Strong Roomwith Dr Jane Wildgoose
Selected for ‘Kaleid 2014’ (London) and ‘F Book Show’ (Tokyo, Japan)

Strong Room, Roelof Bakker, Jane Wildgoose, Negative Press London, 2014, tactile experience, material qualities

Strong Room, Roelof Bakker, Jane Wildgoose, Negative Press London, 2014, tactile experience, material qualities

Maintenance Room

Strong Room, Roelof Bakker, Jane Wildgoose, Negative Press London, 2014, tactile experience, material qualities

Council Chamber

Strong Room, Roelof Bakker, Jane Wildgoose, Negative Press London, 2014, tactile experience, material qualities

Strong Room

Strong Room, Roelof Bakker, Jane Wildgoose, Negative Press London, 2014, tactile experience, material qualities

Artists’ book Strong Room (Negative Press London, 2014)

 

In Strong Room, photographs showing traces of preserved past human activity are used as inspiration for writing about the loss of tangible experiences and the lack of physical presence in the digital world, as well as exploring the historical and academic importance of paper-based archives and the potential of material qualities to prompt the imagination and evoke memories. The design of the book enhances its tactile content, employing three paper stocks, each with a unique physical quality.

The book was developed over a period of a year in which Bakker and Wildgoose exchanged ideas and interests, recognising a shared concern for the loss of the tactile experience in the digital sphere.

The photographs in the book show traces of past human activity inside three spaces at Hornsey Town Hall: the council chamber, a maintenance room, and a strong room which was photographed shortly before its contents were moved to a modern storage facility. At the time of recording, the building had not been in public use since the 1980s.

In his brief essay commenting on apps replacing physical objects, Bakker writes:

‘The “replacement” apps have no texture, no variety of finishes or materials, no difference in weight, scale, shape or design. They don’t require any physical handling apart from users’ thumbs scrolling and selecting options, a kind of “thumbing down”. You will never find a scratched and worn man-handled app in a second-hand shop.’

At the time, Wildgoose was halfway through her doctoral research in the School of Art and Design History at Kingston University London. In a paper about their creative collaboration in the European Journal of Life Writing, Wildgoose explains how her practice-based doctoral project was framed as an artist’s response to the UK Government’s Guidance for the Care of Human Remains in Museums (2005), and investigated the circumstances in which human remains were collected for metropolitan museums during the late nineteenth century, for the purposes of collecting data for what was then known as “physical anthropology” – but we would now call “racial science”.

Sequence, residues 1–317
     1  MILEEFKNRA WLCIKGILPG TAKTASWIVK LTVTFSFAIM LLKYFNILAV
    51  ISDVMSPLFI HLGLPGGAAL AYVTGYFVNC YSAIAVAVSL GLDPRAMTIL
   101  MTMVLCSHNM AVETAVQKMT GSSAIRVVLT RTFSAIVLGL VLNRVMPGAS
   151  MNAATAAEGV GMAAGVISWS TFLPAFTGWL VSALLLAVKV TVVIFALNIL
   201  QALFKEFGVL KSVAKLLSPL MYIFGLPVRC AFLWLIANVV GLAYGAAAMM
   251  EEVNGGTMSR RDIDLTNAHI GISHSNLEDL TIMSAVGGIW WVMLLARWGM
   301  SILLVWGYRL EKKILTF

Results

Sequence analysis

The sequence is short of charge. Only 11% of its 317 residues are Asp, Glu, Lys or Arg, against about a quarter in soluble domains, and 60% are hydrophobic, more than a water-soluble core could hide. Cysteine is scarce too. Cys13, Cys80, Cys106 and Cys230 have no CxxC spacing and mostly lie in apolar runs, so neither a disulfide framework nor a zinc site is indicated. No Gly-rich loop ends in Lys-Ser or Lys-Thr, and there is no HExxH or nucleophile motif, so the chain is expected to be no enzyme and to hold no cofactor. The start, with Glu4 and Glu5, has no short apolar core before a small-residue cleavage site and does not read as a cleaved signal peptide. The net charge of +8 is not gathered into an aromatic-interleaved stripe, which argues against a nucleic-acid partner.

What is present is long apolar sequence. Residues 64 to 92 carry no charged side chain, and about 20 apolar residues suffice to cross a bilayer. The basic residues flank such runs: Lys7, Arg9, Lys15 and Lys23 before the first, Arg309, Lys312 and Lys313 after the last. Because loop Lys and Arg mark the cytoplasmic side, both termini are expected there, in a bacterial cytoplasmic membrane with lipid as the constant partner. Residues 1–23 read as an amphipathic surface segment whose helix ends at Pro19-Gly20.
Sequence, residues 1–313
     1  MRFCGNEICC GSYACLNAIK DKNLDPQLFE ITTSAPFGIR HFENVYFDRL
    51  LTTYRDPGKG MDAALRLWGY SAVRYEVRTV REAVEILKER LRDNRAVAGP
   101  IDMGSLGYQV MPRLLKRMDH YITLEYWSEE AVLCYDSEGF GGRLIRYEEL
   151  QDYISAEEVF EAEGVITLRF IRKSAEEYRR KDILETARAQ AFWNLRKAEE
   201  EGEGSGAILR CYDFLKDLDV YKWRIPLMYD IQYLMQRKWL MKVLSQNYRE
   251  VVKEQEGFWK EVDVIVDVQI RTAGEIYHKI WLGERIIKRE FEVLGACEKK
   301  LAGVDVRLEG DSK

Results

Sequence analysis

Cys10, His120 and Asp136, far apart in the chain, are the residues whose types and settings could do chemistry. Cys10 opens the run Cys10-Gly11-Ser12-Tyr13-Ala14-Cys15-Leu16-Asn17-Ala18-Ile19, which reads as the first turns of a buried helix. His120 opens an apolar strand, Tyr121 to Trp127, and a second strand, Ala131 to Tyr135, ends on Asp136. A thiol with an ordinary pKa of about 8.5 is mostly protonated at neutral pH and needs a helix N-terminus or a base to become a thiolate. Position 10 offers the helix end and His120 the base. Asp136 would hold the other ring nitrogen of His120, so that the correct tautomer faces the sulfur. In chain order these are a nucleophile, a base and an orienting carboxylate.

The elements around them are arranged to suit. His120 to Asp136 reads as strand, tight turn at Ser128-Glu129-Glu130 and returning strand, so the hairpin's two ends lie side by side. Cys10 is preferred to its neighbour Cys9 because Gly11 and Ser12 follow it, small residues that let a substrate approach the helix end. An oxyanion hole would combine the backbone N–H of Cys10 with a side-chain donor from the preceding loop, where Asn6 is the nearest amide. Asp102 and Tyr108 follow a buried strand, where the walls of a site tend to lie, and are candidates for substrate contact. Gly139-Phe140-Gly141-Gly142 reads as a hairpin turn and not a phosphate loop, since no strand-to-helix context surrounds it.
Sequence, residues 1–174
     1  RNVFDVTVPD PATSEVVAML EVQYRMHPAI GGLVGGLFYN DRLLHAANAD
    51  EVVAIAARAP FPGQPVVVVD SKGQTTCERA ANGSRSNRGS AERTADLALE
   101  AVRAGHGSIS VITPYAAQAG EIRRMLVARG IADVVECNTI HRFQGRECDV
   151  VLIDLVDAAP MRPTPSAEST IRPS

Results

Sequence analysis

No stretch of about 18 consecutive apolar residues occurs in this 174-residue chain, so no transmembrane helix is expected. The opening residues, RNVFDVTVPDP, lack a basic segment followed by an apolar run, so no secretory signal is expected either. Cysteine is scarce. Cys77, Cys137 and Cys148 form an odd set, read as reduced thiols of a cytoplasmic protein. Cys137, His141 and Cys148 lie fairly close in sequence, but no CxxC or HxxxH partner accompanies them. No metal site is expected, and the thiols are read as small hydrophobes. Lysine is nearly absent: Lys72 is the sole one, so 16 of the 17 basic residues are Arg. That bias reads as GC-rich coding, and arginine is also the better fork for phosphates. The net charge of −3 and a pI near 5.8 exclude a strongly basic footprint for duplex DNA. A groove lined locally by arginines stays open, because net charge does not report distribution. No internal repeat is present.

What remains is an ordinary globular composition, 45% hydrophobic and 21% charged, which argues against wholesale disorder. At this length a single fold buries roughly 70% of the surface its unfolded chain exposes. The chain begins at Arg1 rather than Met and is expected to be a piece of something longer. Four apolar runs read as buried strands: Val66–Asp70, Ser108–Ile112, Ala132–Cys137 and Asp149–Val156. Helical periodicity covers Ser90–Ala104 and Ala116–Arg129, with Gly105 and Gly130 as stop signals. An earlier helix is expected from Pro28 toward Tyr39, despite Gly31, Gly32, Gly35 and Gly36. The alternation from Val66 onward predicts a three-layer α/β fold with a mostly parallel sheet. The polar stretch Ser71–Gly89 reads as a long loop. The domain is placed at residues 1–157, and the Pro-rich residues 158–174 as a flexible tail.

The opportunity to reflect on her emotional response to the pernicious archival evidence that she discovered, in a piece of creative writing and in response to Bakker’s photographs, she writes, ‘provided an opportunity to explore a range of thoughts and associations that preoccupied me during my visits to the archives. The result was a sliver of life writing, the content of which, though central to the development of my thesis, would otherwise have gone unrecorded.’

Reviewing the book in the spring 2014 issue of Source Photographic Review, Daniel Jewesbury writes :

‘Here are tiny individual deaths, of experience and knowledge and tactile memory, quotidian interactions between the mental and the physical, in the old “real” world, that world which, we now know, is merely a huge explanatory model of digital information, like those coloured balls connected with white sticks that are used to demonstrate atomic structures; a model where things with mass and dimensions in space represent data forms which, in truth, have neither. The book captures the passing into irrelevance, or historical curiosity, of the world model, and its simplicity is the key to its power.’

Bakker and Wildgoose gave a talk about Strong Room in relation to material memories and the digital record on 8 June 2017 at IABA Europe 2017, Kings College, London. The paper, ‘Strong Room: Material Memories and the Digital Record’ by Jane Wildgoose and Roelof Bakker appears in European Journal of Life Writing, Vol 7 (2018), https://ejlw.eu/article/view/31507/28880

Strong Room was selected for ‘Kaleid 2014’, an exhibition of fifty new European artists’ books (19 July, Art Academy, London SE1) and for ‘F Book Show’ (26 March to 13 April 2014, 72 Gallery, Tokyo, Japan) an exhibition of new photography books from the UK curated by Photobookshow.

Photographs from the ‘Strong Room’ series won First Prize (Gold) at the London Photographic Association Still Life 5 competition (June 2011). The photographs were recorded at Hornsey Town Hall in 2010.

Strong Room has been acquired by Chelsea College of Arts Library (London, UK), MoMA Library (New York, USA), Brooklyn Museum (New York, USA), Yale Centre for British Art (Newhaven, USA) and Sydney College of the Arts Library (Sydney, Australia) and is part of the Library Project Collection, Photo Ireland (Dublin, Ireland).

Negative Press London www.neg-press.com/books
Jane Wildgoose www.janewildgoose.co.uk

Strong Room, Roelof Bakker, Jane Wildgoose, Negative Press London, 2014, tactile experience, material qualities